Severity scale:

This toxin is considered to be a very high risk and your pet should be evaluated as an emergency at your nearest veterinary hospital. You may want to contact whiskerDocs or the hospital if your pet has recently ingested this toxin to see if there are additional steps you need to take before leaving home.

Many children love to play with snow globes, watching tiny white snow flakes fall over a lovely scene or favorite Disney character, creating a gorgeous winter wonderland inside a magical glass ball. In recent years, this same concept has been modified to have glitter instead of fake snow falling around characters, sports teams, and even family photos. While they're beautiful to look at and fun for kids and adults alike, snow globes, glitter globes, and snow domes pose serious hazards to our pets. Specifically, the liquid that suspends the glitter or "snow" often contains ethylene glycol, the toxic component of antifreeze. If your child, or your pet, were to knock one of these over and shatter the glass, the sweet smell and taste of the liquid inside will likely tempt your pet to lick it up, and could cause fatalities if not treated within hours. In dogs, an antidote (fompeizole) must be administered within 8-12 hours to be effective, and in cats, it must be administered in 3 hours or less or hemodialysis might be needed, and even then, may not save your kitty.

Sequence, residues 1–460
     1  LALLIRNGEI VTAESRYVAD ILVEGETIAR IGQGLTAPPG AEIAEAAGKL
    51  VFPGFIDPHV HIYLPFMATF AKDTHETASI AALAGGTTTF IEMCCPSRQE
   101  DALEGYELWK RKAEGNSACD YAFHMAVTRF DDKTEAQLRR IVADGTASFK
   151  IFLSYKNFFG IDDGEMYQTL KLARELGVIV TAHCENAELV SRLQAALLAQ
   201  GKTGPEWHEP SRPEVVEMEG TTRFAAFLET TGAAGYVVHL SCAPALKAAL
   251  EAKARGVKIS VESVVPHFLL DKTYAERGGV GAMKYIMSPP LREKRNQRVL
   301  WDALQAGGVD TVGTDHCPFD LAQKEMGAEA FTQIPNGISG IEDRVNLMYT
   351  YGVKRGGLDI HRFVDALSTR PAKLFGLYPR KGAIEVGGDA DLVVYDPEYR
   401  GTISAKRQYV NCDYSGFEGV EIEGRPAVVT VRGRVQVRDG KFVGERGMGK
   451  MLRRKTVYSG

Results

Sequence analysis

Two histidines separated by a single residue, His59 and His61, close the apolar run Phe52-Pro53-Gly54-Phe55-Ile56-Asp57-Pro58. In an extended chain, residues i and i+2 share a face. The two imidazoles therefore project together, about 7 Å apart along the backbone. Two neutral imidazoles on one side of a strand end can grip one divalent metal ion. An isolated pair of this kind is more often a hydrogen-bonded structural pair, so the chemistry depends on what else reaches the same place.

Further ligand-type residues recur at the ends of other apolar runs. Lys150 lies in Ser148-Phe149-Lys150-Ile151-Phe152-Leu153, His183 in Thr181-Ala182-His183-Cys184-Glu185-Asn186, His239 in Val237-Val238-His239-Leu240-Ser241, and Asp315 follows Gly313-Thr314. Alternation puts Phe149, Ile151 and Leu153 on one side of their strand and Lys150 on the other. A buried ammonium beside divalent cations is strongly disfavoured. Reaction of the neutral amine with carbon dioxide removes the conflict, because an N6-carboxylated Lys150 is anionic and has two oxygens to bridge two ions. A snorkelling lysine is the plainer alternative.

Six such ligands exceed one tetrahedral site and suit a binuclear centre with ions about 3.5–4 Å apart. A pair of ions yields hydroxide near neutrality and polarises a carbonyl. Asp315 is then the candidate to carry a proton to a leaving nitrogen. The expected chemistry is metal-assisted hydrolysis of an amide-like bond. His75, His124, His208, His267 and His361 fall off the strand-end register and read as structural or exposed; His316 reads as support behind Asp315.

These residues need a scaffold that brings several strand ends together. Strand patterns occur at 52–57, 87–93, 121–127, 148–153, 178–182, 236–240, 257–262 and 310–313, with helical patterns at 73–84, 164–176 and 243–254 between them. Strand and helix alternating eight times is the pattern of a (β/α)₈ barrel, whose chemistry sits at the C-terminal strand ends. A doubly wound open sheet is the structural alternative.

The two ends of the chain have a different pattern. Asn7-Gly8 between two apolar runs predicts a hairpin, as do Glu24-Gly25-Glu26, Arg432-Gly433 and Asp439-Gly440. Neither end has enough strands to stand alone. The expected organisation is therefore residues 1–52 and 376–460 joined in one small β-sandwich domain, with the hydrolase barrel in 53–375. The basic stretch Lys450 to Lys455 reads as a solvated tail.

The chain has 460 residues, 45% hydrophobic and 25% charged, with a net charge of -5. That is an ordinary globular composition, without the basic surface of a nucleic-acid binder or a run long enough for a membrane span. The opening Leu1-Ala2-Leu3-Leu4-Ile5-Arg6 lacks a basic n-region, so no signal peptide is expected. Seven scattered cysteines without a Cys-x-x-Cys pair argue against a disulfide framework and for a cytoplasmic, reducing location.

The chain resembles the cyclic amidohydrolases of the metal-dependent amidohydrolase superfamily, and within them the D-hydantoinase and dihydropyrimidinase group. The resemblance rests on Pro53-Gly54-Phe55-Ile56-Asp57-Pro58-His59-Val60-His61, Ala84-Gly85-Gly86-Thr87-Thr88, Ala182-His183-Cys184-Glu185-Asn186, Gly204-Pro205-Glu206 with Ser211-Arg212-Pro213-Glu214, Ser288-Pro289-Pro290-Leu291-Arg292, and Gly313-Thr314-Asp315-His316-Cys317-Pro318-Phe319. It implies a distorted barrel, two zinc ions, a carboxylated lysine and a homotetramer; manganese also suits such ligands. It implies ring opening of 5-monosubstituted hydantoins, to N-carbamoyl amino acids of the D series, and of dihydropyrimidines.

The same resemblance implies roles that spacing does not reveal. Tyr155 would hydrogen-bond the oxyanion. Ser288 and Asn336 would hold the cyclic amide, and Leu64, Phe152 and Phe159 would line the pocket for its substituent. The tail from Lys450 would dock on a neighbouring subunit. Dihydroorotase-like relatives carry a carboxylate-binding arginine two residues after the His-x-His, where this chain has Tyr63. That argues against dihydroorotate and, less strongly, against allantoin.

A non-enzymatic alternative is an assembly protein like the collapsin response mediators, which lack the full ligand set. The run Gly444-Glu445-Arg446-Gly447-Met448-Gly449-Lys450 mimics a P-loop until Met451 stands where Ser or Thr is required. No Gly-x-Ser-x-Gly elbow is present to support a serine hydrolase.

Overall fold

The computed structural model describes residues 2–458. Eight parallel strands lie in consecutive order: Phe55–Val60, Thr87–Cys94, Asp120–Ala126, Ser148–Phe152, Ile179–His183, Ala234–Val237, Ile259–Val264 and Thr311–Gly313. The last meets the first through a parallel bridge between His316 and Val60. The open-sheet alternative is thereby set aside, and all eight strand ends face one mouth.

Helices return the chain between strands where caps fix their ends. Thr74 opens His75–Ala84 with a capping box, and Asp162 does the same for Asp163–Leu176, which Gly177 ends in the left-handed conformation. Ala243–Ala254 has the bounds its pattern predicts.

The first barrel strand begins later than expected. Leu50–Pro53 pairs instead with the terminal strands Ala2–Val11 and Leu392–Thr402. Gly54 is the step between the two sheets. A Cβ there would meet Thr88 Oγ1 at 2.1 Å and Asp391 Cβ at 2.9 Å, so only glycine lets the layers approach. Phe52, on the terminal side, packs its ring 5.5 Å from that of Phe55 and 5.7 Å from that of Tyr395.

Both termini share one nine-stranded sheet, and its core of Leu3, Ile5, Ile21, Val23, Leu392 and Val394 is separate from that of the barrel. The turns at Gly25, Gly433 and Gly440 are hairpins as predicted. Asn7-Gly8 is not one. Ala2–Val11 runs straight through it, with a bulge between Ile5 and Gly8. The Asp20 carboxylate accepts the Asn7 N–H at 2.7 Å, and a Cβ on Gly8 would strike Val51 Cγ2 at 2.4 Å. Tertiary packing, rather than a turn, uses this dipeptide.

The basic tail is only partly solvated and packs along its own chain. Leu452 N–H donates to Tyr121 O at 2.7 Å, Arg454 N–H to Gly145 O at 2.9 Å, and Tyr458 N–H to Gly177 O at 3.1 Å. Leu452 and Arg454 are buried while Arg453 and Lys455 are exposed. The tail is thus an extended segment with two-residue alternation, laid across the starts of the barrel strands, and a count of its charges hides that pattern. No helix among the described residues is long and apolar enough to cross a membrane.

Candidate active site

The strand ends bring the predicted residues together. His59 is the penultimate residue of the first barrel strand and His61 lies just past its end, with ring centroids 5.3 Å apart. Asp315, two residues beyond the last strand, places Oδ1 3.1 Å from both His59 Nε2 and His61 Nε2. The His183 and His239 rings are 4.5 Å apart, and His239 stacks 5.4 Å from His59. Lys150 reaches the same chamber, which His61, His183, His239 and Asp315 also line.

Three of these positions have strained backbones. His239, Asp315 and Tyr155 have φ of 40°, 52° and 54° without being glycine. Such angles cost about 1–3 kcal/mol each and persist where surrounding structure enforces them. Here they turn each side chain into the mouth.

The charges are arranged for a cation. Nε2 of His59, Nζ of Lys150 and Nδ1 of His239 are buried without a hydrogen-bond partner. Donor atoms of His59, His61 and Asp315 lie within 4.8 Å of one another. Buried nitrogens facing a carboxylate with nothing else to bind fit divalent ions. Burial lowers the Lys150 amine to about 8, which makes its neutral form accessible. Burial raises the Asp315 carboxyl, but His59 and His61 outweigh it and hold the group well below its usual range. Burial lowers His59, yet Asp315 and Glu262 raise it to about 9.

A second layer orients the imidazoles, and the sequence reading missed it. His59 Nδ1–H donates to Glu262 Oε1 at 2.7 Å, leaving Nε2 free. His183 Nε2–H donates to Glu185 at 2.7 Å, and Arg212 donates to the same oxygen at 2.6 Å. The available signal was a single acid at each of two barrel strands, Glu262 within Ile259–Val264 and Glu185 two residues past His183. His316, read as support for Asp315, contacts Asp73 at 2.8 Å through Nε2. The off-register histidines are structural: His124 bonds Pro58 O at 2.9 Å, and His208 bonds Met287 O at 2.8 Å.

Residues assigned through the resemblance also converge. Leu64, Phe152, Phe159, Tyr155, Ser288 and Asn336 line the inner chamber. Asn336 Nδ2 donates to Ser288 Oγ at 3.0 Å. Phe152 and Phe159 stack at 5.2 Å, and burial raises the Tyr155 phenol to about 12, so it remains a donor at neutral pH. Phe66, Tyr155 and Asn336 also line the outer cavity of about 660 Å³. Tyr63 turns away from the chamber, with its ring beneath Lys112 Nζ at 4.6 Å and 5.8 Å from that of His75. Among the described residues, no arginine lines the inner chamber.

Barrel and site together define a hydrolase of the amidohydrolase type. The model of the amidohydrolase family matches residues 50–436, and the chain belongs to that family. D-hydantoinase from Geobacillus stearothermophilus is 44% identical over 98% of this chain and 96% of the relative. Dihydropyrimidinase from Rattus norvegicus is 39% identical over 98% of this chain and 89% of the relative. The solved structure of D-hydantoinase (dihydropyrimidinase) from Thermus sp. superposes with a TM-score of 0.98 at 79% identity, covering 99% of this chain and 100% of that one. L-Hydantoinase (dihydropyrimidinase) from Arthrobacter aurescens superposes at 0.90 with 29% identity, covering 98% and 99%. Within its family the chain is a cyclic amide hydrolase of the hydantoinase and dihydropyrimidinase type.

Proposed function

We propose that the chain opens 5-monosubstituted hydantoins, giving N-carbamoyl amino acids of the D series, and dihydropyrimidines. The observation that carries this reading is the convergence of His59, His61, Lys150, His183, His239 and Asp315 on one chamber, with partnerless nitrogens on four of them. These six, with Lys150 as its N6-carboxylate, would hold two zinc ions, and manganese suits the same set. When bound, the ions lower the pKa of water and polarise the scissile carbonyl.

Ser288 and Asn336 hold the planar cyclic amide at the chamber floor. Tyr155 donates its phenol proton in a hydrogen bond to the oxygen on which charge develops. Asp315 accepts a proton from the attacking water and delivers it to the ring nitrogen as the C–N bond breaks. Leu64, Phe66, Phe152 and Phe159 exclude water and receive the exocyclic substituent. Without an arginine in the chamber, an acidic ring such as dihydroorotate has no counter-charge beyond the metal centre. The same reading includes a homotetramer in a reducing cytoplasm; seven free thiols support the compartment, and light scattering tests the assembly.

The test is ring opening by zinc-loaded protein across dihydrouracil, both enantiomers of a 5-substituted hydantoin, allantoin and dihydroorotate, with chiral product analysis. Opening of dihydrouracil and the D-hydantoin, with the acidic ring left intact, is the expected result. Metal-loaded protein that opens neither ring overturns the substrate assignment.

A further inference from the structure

Other names: 
snowglobes, glitter globes, snow domes, snowdomes
Toxic to: 
Dogs and Cats
Brand names: 
Many brands/models contain ethylene glycol in the liquid found inside the snow globe's glass dome
lack of coordination, excessive drinking and/or urinating, vomiting, panting, sedation, lethargy, bad breath, coma, acute kidney failure, death
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